The World Culture Festival 2016 is due to kick off in India's capital of New Delhi on 11 March, bringing together nearly 3.5 million people from around the world. The three-day festival is being hosted across 1000 acres of land and is said to be one of the biggest cultural gatherings in recent times.
A number of world leaders are expected to attend the event, including President Bidhya Devi Bhandari of Nepal and President Maithripala Sirisena of Sri Lanka. Vice president of the European Parliament, Ryszard Czarnecki, and former Prime Minister of France Dominique de Villepin, are also due to attend the cultural event. The event is being hosted by the Art of Living, a non-profit organisation based in India that was started by the world famous philanthropist Sri Sri Ravi Shankar.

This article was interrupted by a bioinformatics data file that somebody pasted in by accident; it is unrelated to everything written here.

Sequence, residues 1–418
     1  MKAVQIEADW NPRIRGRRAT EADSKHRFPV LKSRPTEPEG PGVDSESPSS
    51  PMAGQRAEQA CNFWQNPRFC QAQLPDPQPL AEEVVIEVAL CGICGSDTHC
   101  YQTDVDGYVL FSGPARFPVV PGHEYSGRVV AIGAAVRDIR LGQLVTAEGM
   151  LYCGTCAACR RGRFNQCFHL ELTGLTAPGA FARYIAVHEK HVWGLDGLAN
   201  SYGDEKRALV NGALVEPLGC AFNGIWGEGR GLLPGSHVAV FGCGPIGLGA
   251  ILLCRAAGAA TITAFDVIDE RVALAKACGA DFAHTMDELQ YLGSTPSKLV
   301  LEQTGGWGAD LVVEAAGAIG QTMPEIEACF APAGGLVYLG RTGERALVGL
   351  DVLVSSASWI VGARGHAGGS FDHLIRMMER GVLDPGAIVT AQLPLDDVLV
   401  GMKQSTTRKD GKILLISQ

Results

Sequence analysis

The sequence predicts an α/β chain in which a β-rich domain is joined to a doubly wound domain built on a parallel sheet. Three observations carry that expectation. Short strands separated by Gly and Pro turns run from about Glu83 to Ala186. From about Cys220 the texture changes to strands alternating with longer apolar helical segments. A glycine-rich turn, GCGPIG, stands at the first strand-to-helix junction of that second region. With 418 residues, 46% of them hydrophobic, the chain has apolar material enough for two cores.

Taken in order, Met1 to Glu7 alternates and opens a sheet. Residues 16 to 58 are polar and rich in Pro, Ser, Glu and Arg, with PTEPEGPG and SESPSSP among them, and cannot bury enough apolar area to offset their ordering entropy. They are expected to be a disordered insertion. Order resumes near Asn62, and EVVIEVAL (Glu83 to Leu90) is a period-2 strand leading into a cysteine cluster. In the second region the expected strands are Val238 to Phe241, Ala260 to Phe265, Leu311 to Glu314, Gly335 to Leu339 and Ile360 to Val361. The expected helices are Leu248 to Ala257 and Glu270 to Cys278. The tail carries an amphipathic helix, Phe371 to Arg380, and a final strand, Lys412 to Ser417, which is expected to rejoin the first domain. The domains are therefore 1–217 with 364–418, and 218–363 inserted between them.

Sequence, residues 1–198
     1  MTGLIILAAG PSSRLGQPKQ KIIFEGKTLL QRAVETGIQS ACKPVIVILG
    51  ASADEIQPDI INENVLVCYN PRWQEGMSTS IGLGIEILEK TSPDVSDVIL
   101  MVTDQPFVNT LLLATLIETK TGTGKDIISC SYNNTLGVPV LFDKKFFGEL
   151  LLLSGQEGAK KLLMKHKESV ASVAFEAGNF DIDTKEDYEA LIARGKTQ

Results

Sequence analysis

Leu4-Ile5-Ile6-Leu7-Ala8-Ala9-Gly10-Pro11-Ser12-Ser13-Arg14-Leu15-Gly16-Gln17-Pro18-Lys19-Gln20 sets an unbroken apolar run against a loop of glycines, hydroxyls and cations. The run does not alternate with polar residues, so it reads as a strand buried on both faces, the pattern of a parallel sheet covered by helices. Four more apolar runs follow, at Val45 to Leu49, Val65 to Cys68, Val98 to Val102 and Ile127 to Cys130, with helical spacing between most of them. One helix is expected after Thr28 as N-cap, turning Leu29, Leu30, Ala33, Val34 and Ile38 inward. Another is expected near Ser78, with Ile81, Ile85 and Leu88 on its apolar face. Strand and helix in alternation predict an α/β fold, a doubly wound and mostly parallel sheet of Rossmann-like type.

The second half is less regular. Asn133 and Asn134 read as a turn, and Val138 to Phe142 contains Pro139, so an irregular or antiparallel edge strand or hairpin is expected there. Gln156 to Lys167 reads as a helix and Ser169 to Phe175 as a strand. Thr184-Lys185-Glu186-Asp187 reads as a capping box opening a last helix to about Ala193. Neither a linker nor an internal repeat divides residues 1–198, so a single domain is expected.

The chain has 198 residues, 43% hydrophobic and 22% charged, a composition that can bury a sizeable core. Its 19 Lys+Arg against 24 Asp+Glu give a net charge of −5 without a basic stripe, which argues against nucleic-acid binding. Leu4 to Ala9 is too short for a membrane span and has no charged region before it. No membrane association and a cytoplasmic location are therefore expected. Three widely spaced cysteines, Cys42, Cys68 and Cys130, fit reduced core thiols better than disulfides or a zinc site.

Bhanumati Narsimhan, director of the Art of Living, said: "In an era when people wonder what to do about terrorism and violence, the festival wants to state that there are good people in the world. We should not lose heart either to terrorism, or on an individual level, to stress."
Ahead of the festival kicking off, IBTimes UK rounds up everything you need to know about one of the world's largest ever cultural festivals.
What is going to happen over the three-day festival?
Narsimhan said that the festival will aim to celebrate "the Art of Living's 35 years of service, humanity, spirituality and human values". A number of spiritual leaders from different faiths are expected to come together during the event, as well as cultural performers from around the world.